Thursday, August 13, 2015

The Hardcore Truth

After years of taking them in, I have all but given up on "shoot" interviews, question and answer sessions, and similar presentations. For awhile they seemed to be a novel idea, but as more and more were made, they seemed less and less truthful. Wrestlers are natural "workers." Their livelihood is based on creating a mass illusion to entertain you. Why would stories "from the back" be any different? Remember the old saying, "Never let the truth get in the way of a good story." Sadly, it seems like many books authored by wrestlers have gone in the same direction. That is, until "The Hardcore Truth" hit the wrestling world.

Released in 2013, "The Hardcore Truth" is the autobiography of Bob "Hardcore" Holly, the longtime WWF/WWE star. For the better part of fifteen years, Holly made his way through WWE rings in just about every position of the card that there is. He began with the company during their "New Generation" campaign, was totally reinvented during the "Attitude Era," and continued on with the company until 2009.

The book itself is an extremely enjoyable read and is very well balanced as far as content. We get just enough backstory of pre-wrestling Bob Holly to let us know how he was raised, his family life, and his early adult years that led him into the industry. The story doesn't skip around, which is one of my biggest peeves in autobiographies. Everything is presented in chronological order. If something is going to be revisited in his future, we don't suddenly skip to that part. If only every book was compiled with this consideration!

Holly and co-author Ross Williams seem to know what the target audience will be with the book--wrestling fans. Therefore, stories from throughout Holly's career completely fill most of the book. Thanks to Jim Cornette I was aware of some of Holly's early wrestling days, but not everything. Several early WCW matches were new to me and were easily found on YouTube as a nice visual companion. Some fans might be a little lost on the chapter covering Bob's racing, but it is brief and integral to telling his story.

Most importantly, from the beginning I felt that I was getting exactly what the title proclaimed--the hardcore truth. Unlike those aforementioned shoot interviews and other outlets, I didn't get the feeling that Holly was stretching the truth at all. This is a man who is very happy in semi-retirement. He does not feel the need to suck-up to the big shots in hopes of a return or one last payday, nor does he bury those individuals. He gives his honest opinions on anyone that played a factor in his career, and displays their good points just as much as the bad. In fact, I don't think that I came out of this book looking at anyone any less favorably than I did going in. His honest appraisals are refreshing as is his not wanting to bury anyone out of spite, while still disclosing the good and bad of the wrestling business.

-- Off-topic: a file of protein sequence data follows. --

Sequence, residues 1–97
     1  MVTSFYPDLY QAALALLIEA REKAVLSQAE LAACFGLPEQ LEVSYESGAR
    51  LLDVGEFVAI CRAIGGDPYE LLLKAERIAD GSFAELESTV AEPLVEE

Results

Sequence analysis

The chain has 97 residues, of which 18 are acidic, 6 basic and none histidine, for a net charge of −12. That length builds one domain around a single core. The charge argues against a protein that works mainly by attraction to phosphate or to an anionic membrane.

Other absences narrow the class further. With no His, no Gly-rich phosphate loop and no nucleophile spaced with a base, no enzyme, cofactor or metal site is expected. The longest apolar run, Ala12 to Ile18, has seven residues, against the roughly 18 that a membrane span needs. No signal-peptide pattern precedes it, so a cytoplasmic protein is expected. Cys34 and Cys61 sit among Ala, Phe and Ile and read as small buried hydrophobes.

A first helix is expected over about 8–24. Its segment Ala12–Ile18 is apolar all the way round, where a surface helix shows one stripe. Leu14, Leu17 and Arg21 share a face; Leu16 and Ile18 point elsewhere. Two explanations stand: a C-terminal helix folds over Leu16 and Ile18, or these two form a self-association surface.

In addition to the highs and lows of his own career, Holly takes you backstage for many of the happenings that occurred during that timeline. Survivor Series 1997, WrestleMania XX, the ill-fated ECW revival, and the Owen Hart, Eddy Guerrero, and Benoit family tragedies are all covered in a unique viewpoint that I found very different from other, possibly sanitized, accounts. The demise of Guerrero is particularly intense and tells of the weeks leading up to his death which have only been hinted at elsewhere.

Just as with the deaths, Holly does not dish dirt for the sake of salaciousness. Instead, he discloses all in an attempt to fully flesh out the story of his own career. Several stories that you have heard regarding Holly as well as others in the company are either supported or dispelled. While he goes to great lengths to let the fans know that miserable, perpetually frowning Hardcore Holly is not the true Bob Howard, the no-nonsense, no-BS approach to life is the same.

Some wrestling books are good, some are bad, while others are very bad. A few are great. I never imagined that "The Hardcore Truth" would make it into that latter, very slim, grouping, but it does. In fact, this one makes it up there with J.J. Dillon's book in my all-time favorites list. It's an extremely honest look at a surprisingly storied career. It's a behind-the-scenes view at the biggest wrestling company in history at several of its most tumultuous periods. It's the story of a man trying to make it to the top of an industry that fascinated him since childhood. It's a wrestling fan turned wrestler sharing his story with other wrestling fans. It doesn't get much better than that!

How do you like him now?

1 comment:

Ross Owen Williams said...

Only just saw this review - great stuff, I'm so glad you enjoyed it! Many thanks for taking the time to both read it and write this piece on it.